After concluding the Hawaii swing, the PGA Tour returns to the mainland this week with the American Express in La Quinta and Palm Desert, California, from January 21-24.
At Bovada, Patrick Cantlay is the +1200 favorite, with Patrick Reed (+1600), Scottie Scheffler (+1600), Brooks Koepka (+1800) and Tony Finau (+1800) accompanying him at the top of the oddsboard. Jon Rahm was initially the +600 front-runner to win the American Express, but the Spaniard announced Monday he was pulling out of the tournament.
Here’s a look at the golfers with the likeliest odds to emerge triumphant this week:
Who is Favored to Win the American Express?
Odds as of January 18 at Bovada
Course and Tournament Information
Can Reigning Champ Landry Defend His Title?
Andrew Landry earned the second PGA Tour title of his career at the 2020 American Express and is a +15000 long shot to do it again this time around. A year ago, he looked to be in command until the final nine holes on Sunday, when he bogeyed hole Nos. 13, 14 and 15. His only par of the back nine came on the par-5 16th.
Landry added birdies on the final two holes to earn the victory. Abraham Ancer fired a 63 on Sunday – tied for the best round of the day – but came up just short in a runner-up showing. Scottie Scheffler placed third.
The sportsbook is expecting Scheffler (+2200) and Ancer (+3300) to be more of a factor than Landry in 2021. No golfer has successfully defended his title at the American Express since Johnny Miller went back to back in 1975-76.
American Express Won’t Be a Pro-Am in 2021
For the first time in the tournament’s history, the pro-am portion of the event will be eliminated due to safety and health precautions surrounding the COVID-19 pandemic. The pro-am is set to return in 2022, though.
The cut for the American Express is set to go from the typical 54 holes to 36 this year.
Brooks Koepka is making his first start of the 2021 calendar year this week. Last season, Koepka didn’t look like his dominant self due to injuries, but he did post a T-5 at the Houston Open and a T-7 at the Masters in a two-week span.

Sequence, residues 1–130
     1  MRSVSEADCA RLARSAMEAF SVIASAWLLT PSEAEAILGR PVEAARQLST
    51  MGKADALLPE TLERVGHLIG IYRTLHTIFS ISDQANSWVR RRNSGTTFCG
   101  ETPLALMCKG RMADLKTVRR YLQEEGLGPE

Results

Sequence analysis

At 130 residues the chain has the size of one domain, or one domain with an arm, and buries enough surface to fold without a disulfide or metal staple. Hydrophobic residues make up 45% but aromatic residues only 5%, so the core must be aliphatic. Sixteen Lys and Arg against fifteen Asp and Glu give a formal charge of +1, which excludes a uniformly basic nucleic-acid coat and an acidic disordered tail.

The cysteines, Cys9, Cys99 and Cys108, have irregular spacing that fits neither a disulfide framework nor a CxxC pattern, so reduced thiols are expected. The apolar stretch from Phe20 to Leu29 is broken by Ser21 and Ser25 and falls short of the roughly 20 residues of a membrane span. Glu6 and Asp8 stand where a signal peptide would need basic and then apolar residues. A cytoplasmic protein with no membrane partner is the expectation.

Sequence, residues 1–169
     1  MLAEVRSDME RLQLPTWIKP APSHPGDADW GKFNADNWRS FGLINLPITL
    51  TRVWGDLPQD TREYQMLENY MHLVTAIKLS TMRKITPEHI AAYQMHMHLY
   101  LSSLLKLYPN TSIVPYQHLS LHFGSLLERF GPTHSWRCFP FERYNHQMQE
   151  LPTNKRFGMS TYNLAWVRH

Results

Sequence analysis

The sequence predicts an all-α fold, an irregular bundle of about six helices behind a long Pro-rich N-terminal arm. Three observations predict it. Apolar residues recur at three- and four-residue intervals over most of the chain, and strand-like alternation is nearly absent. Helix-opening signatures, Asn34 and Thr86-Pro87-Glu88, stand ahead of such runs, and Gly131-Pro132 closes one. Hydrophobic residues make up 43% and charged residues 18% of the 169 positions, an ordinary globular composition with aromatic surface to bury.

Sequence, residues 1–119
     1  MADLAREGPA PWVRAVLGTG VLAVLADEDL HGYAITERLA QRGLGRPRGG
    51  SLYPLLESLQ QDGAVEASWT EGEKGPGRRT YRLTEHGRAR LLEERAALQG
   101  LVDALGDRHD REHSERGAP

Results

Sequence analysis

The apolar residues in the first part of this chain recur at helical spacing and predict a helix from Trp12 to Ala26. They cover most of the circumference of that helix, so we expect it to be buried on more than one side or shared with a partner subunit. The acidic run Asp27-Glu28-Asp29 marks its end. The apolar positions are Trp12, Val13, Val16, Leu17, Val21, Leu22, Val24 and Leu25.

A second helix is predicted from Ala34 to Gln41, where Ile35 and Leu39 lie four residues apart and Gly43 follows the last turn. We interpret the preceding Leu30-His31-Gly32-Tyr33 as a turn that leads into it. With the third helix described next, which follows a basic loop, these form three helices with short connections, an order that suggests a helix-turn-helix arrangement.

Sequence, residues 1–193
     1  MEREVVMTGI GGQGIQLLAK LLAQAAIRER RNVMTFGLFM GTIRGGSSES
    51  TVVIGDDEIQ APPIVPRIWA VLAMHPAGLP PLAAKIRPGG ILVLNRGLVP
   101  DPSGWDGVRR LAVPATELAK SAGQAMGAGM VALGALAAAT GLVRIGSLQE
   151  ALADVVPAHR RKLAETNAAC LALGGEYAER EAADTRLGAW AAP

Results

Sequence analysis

In total, there are 12 golfers ranked in the top 50 in the world rankings teeing it up at the American Express, with Cantlay (No. 9), Patrick Reed (11), Wolff (15) and Sungjae Im (18) headlining things in the Golden State.
American Express Picks
Brooks Koepka +1800
Koepka might be fade material for some golf bettors since he’s not winning at the clip we’re used to seeing from him. His last PGA Tour win came at the 2019 WGC-FedEx St. Jude Invitational, after all.
Koepka missed the cut in Mexico to end his 2020 campaign, but he’s looking for a fresh start here. He showed at the Houston Open and the Masters that he’s ready to get back on the winning side of things, and his immense talent is unquestioned.
This is not the strongest field we’ve seen in 2021, so Koepka should have plenty of opportunities to go low and be in the mix of things come Sunday.
Patton Kizzire +5000
Due to his recent form, Kizzire is presenting excellent value at the 2021 American Express. Quietly, Kizzire has been within striking distance of late, as the 34-year-old has three top-15 showings in his last five starts.
Kizzire looked great at the Sony Open in a T-7 finish. The American’s -18 score was only three shots off the lead, and his 6-under final round will inspire confidence in his backers.
Golf is unique for many reasons, but one of them is the significant number of betting props available at weekly tournaments. The American Express is no different.
Sportsbooks are offering odds on things like whether there will be a hole-in-one, OVER/UNDERs on the winning score for the eventual champion and odds on which players from specific countries will have the lowest score, to name a few.
Like other sports, betting on props is a fun and unique way to enhance your golf gambling experience.
Live Betting is arguably one of the most exciting ways to bet on golf. If the player you placed a pre-tournament bet on is out of the running at any point during the American Express, you can bet on another golfer as the days go by and have another stake in the game.
If there are only a few men in the hunt on the final day, the odds likely won’t be significantly high, but your chances of winning are. We’ve seen this happen multiple times in the PGA Tour’s Return to Golf, as multiple tournaments have gone to a playoff.
These helpful pages will assist you in handicapping your golf wagers: